Last Saturday I went to a community yard sale not far from where I live. Only about 8-10 homes were participating. Most had things I was not interested in like baby items (been there) and books (I have plenty at home that I haven't gotten to yet). If I bring something home, I try to get rid of something else so it has to be worth it (or take up very little space).
One house was busy with several adults trying to pull things out of boxes, the garage, and the house onto the long driveway. I was thinking that this was a bust, too, when I noticed a man unpacking some china. At the bottom of his pile was an antique oval ironstone transferware vegetable dish. The transferware was teal and very pretty. I asked, "how much," and he asked his wife, "what do you think, $20?" She said "yeah." I said "oh, thanks anyway." It's not that it wasn't worth it. It's just that I didn't want to pay $20; I would have paid $10. Only a few weeks before I found a less wonderful, but nice, ironstone piece at another sale for 50 cents (way cheap--I took that one home). Besides, they said it was a piece from the wife's family. So my feeling was that they really didn't want to sell it; I didn't counter offer. When I'm out, I don't want to irritate anyone with a low-ball offer.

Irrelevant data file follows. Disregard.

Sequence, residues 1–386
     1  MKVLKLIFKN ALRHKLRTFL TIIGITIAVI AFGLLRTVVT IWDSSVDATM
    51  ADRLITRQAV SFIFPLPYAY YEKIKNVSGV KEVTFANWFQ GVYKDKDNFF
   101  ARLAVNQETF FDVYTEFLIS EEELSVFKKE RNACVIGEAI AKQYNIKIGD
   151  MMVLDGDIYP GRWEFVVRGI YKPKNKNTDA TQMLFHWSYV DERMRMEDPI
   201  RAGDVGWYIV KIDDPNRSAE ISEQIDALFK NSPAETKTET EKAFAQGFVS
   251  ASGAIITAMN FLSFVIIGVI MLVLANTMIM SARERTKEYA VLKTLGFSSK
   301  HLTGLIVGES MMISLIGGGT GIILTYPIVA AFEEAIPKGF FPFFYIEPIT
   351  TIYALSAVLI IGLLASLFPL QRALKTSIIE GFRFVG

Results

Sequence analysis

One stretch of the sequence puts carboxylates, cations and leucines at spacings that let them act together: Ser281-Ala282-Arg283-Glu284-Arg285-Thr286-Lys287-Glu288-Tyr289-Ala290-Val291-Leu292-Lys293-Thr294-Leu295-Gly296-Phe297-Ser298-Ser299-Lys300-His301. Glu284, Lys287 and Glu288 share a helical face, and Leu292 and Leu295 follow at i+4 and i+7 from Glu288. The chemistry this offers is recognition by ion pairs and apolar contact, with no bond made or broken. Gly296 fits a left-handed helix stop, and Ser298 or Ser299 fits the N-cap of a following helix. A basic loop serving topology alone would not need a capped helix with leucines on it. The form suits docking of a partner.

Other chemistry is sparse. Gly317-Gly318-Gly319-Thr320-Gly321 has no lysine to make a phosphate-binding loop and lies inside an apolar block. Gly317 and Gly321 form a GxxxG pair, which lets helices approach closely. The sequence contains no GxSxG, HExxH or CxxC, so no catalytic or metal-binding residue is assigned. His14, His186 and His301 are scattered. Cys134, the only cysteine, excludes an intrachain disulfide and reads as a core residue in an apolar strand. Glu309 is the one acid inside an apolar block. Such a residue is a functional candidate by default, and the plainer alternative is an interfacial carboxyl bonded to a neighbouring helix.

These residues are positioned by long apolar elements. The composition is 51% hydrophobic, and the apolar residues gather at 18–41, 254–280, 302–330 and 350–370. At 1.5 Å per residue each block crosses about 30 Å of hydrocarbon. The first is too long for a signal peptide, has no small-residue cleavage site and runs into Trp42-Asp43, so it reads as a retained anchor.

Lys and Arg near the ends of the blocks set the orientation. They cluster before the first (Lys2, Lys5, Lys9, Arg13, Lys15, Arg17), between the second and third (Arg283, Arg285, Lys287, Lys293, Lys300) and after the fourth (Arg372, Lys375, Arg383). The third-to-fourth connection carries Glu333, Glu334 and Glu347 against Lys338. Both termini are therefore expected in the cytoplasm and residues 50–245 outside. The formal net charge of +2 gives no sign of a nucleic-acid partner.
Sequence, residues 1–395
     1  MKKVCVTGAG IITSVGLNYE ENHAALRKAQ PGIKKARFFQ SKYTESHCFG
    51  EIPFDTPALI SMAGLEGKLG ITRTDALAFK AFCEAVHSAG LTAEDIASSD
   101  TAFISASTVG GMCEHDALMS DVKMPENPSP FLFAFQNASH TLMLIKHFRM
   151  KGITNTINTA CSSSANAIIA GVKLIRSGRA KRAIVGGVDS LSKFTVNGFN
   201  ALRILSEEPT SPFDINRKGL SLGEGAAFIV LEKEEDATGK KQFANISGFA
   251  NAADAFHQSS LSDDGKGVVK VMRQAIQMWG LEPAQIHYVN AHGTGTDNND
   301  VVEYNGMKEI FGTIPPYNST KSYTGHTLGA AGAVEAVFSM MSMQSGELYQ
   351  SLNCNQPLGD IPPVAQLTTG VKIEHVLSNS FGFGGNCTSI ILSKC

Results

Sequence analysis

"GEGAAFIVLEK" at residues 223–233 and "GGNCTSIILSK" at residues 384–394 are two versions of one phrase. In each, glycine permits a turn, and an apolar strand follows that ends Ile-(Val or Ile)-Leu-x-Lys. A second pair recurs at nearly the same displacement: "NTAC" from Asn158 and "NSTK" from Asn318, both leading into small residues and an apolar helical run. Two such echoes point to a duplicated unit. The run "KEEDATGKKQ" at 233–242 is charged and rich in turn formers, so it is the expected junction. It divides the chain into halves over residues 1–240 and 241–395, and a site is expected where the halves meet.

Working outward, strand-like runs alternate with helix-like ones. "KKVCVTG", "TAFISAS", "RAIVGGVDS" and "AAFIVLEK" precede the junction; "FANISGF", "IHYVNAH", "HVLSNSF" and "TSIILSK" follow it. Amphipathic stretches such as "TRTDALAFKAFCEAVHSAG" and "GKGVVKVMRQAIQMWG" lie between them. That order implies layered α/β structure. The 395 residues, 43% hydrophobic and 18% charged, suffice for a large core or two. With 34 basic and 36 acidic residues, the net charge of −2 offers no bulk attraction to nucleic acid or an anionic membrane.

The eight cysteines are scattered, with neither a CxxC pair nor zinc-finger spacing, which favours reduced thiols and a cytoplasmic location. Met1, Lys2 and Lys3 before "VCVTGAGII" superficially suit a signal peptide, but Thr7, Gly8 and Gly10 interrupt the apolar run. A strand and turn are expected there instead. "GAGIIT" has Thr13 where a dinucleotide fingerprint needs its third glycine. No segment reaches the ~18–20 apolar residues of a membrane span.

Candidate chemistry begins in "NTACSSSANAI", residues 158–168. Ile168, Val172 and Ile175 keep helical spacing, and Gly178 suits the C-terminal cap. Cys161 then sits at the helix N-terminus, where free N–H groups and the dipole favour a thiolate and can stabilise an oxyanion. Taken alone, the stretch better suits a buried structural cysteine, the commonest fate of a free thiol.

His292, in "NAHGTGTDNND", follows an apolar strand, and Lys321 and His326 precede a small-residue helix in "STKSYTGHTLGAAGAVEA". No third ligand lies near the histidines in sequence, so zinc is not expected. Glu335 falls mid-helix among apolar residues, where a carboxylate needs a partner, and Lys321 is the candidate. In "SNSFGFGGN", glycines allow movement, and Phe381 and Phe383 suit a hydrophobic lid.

I did spot 2 small galvanized steel topiary pots for 50 cents (the pair). Sold! I'll craft them into something.
When I've been on the other side at my own yard sales, which usually are held not in my yard but at other sites for charity (your registration fee goes to the PTA, American Cancer Society, whatever, and you keep the proceeds of your own sales), I've been amazed at some of the things people say. A couple of years ago at the sale at the kids' elementary school, I had an old print among my things. Most of the stuff I sell hovers around $1. A shirt-$1. A hardback book-$1. Etc. So I didn't see the harm in bring a few things that went a bit beyond $1. Most people are very friendly, but there are exceptions.
One woman approached me holding the old print and asked nicely, "how much for this?" I said, "Oh, I'd like to get $15 for that." She blurted out at me, "I just BET you would!" Then she turned and stormed off. Another woman looking at my magazines said to me, "well, that was weird!" My daughter, who was probably 9 at the time asked me what was wrong with her. Couldn't explain that.
Last year at the same school sale, a woman wanted to pay $1 for my son's Yugioh (sp?) thousand plus card collection. He was only asking $4. He worked with her to get a small number of cards for $1. She was so cheap about it, but he didn't let her have the whole thing for her price! Then some younger boys came along and bought the rest for $4. He came out ahead on the deal and the other boys were thrilled.
Usually when people low-ball the prices, I balk. If it's marked $2 and someone offers 25 cents, I say no. But other times I'm a wimp. At the Pink Cabbage sale last month, I was asked if I would take $4 for an item marked $5. Not really a low-ball offer, but $5 was the price I had paid--what a fool I was-should have marked it $6 for some wiggle room. I caved only because I wanted to move things out of my house. Overall, the sale went well and I sold a lot.
I'm signed up to do another yard sale for my son's soon-to-be high school at the end of the month. We seem to have an endless supply of saleable junk!
Do you know what you might be missing?
5 hours ago